"People like Addison, Rob Miller and Tom Brady are the stars of the future," Diamond said, with feeling. "We have all these English players coming through, most of them from our own academy; we have a new stadium awaiting us and new training facilities up and running; we have Cipriani coming back from Australia to join us; we're nearly breaking even financially. It's a case of happy days, surely. People should be congratulating us, not criticising us."

Much of which was supported by Diamond's opposite number, the Quins rugby director, Conor O'Shea, who pointed out that Saracens, the side with most to lose from a Sale defeat, had spoken all season about the virtues of squad rotation. Quins deserved their victory here, just as they deserved to finish top of the log after setting the pace for the best part of eight months. Sale? They deserved better than the half-baked criticism they have received from people trying to have it both ways.

Sale: Try Addison; Conversion Bell; Penalty Bell. Harlequins: Tries Care, Brown; Conversion Evans; Penalties Evans 4.

Sale: R Miller; T Brady, W Addison, L Burrell, M Cueto; T Bell, S Mathie (W Cliff, 72); L Imiolek (R Harrison, 50), M Jones (J Ward, h-t), H Thomas, K Myall, T Holmes, W Bordill (T Taylor, 52), D Seymour (capt), M Easter.

Harlequins: M Brown; T Williams, G Lowe, J Turner-Hall, S Smith; N Evans, D Care (K Dickson, 57); J Marler, J Gray (R Buchanan, 61), J Johnston, O Kohn, G Robson, M Fa'asavalu (T Guest, 62), C Robshaw (capt), N Easter.

Referee M Fox (Leicestershire).

PROMOTED VIDEO
Have you tried new the Independent Digital Edition apps?
Caption competition
Caption competition
Latest stories from i100
Have you tried new the Independent Digital Edition apps?
Daily Quiz
Independent Dating
and  

By clicking 'Search' you
are agreeing to our
Terms of Use.

Career Services

Day In a Page

Isis in Iraq: Yazidi girls killing themselves to escape rape and imprisonment by militants

'Jilan killed herself in the bathroom. She cut her wrists and hanged herself'

Yazidi girls killing themselves to escape rape and imprisonment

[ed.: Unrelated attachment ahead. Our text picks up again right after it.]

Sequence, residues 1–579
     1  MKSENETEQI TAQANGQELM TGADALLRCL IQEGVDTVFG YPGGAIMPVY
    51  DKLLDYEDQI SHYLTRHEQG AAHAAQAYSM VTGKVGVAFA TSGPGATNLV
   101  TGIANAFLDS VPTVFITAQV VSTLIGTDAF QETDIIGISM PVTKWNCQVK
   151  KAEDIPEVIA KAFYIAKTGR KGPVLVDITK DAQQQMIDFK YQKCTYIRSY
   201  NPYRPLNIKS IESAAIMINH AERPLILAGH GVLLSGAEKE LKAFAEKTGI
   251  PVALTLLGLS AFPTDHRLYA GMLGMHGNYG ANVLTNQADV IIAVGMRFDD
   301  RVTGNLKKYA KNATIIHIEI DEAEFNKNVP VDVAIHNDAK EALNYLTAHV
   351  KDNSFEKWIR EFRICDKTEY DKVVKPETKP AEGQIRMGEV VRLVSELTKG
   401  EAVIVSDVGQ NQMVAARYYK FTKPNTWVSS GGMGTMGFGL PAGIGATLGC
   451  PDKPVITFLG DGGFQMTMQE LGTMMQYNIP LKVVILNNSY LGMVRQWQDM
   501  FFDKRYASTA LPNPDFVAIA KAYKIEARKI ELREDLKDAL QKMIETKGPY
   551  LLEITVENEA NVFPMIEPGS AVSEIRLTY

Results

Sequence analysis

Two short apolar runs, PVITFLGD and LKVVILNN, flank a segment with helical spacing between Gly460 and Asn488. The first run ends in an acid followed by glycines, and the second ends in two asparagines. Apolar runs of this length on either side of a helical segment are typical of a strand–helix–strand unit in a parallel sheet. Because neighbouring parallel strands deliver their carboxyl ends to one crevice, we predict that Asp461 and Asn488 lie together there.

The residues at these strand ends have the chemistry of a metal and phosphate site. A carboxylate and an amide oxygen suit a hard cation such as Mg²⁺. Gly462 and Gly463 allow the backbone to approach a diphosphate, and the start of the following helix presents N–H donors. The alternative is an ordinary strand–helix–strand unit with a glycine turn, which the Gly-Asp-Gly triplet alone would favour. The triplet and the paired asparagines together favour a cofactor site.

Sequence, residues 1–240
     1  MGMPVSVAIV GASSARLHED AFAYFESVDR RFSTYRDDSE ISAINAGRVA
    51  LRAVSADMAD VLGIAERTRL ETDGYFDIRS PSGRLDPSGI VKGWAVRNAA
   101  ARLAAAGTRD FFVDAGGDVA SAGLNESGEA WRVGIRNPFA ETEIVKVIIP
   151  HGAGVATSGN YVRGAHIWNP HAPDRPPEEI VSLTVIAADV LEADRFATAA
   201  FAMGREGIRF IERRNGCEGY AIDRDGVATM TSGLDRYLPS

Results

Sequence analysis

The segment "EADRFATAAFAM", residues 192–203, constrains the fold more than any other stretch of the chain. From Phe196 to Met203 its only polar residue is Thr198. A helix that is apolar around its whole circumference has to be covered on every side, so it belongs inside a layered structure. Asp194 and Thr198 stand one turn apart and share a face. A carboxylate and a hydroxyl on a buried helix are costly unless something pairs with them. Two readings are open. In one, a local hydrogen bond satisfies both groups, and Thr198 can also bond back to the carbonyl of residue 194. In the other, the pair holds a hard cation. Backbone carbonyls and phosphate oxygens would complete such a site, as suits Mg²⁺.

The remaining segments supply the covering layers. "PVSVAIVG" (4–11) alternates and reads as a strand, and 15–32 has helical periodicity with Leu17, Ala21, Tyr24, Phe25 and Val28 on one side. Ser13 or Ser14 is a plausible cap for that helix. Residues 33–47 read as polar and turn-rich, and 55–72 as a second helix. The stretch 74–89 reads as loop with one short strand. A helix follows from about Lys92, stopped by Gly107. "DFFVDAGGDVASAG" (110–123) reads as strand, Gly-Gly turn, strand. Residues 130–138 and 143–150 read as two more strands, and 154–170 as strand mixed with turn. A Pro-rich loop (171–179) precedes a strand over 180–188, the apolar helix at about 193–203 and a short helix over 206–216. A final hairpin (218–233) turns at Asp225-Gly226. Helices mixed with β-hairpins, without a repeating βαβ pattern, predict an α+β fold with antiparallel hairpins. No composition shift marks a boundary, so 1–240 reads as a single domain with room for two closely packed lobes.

Ed Balls interview: 'If I think about the deficit when I'm playing the piano, it all goes wrong'

Ed Balls interview

'If I think about the deficit when I'm playing the piano, it all goes wrong'
He's behind you, dude!

US stars in UK panto

From David Hasselhoff to Jerry Hall
Grace Dent's Christmas Quiz: What are you – a festive curmudgeon or top of the tree?

Grace Dent's Christmas Quiz

What are you – a festive curmudgeon or top of the tree?
Nasa planning to build cloud cities in airships above Venus

Nasa planning to build cloud cities in airships above Venus

Planet’s surface is inhospitable to humans but 30 miles above it is almost perfect
Surrounded by high-rise flats is a little house filled with Lebanon’s history - clocks, rifles, frogmen’s uniforms and colonial helmets

Clocks, rifles, swords, frogmen’s uniforms

Surrounded by high-rise flats is a little house filled with Lebanon’s history
Return to Gaza: Four months on, the wounds left by Israel's bombardment have not yet healed

Four months after the bombardment, Gaza’s wounds are yet to heal

Kim Sengupta is reunited with a man whose plight mirrors the suffering of the Palestinian people
Gastric surgery: Is it really the answer to the UK's obesity epidemic?

Is gastric surgery really the answer to the UK's obesity epidemic?

Critics argue that it’s crazy to operate on healthy people just to stop them eating
Homeless Veterans appeal: Christmas charity auction Part 2 - now LIVE

Homeless Veterans appeal: Christmas charity auction

Bid on original art, or trips of a lifetime to Africa or the 'Corrie' set, and help Homeless Veterans
Pantomime rings the changes to welcome autistic theatre-goers

Autism-friendly theatre

Pantomime leads the pack in quest to welcome all
The week Hollywood got scared and had to grow up a bit

The week Hollywood got scared and had to grow up a bit

Sony suffered a chorus of disapproval after it withdrew 'The Interview', but it's not too late for it to take a stand, says Joan Smith
From Widow Twankey to Mother Goose, how do the men who play panto dames get themselves ready for the performance of a lifetime?

Panto dames: before and after

From Widow Twankey to Mother Goose, how do the men who play panto dames get themselves ready for the performance of a lifetime?
Thirties murder mystery novel is surprise runaway Christmas hit

Thirties murder mystery novel is surprise runaway Christmas hit

Booksellers say readers are turning away from dark modern thrillers and back to the golden age of crime writing
Anne-Marie Huby: 'Charities deserve the best,' says founder of JustGiving

Anne-Marie Huby: 'Charities deserve the best'

Ten million of us have used the JustGiving website to donate to good causes. Its co-founder says that being dynamic is as important as being kind
The botanist who hunts for giant trees at Kew Gardens

The man who hunts giants

A Kew Gardens botanist has found 25 new large tree species - and he's sure there are more out there